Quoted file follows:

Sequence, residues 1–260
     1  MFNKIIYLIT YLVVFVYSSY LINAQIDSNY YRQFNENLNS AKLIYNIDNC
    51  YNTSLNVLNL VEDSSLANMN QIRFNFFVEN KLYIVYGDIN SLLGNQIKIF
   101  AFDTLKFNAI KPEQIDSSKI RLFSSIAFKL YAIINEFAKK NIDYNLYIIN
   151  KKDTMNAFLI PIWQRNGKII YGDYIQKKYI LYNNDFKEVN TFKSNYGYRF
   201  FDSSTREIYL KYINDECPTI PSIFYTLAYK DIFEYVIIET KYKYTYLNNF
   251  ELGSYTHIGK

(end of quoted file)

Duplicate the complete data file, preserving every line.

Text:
Sequence, residues 1–260
     1  MFNKIIYLIT YLVVFVYSSY LINAQIDSNY YRQFNENLNS AKLIYNIDNC
    51  YNTSLNVLNL VEDSSLANMN QIRFNFFVEN KLYIVYGDIN SLLGNQIKIF
   101  AFDTLKFNAI KPEQIDSSKI RLFSSIAFKL YAIINEFAKK NIDYNLYIIN
   151  KKDTMNAFLI PIWQRNGKII YGDYIQKKYI LYNNDFKEVN TFKSNYGYRF
   201  FDSSTREIYL KYINDECPTI PSIFYTLAYK DIFEYVIIET KYKYTYLNNF
   251  ELGSYTHIGK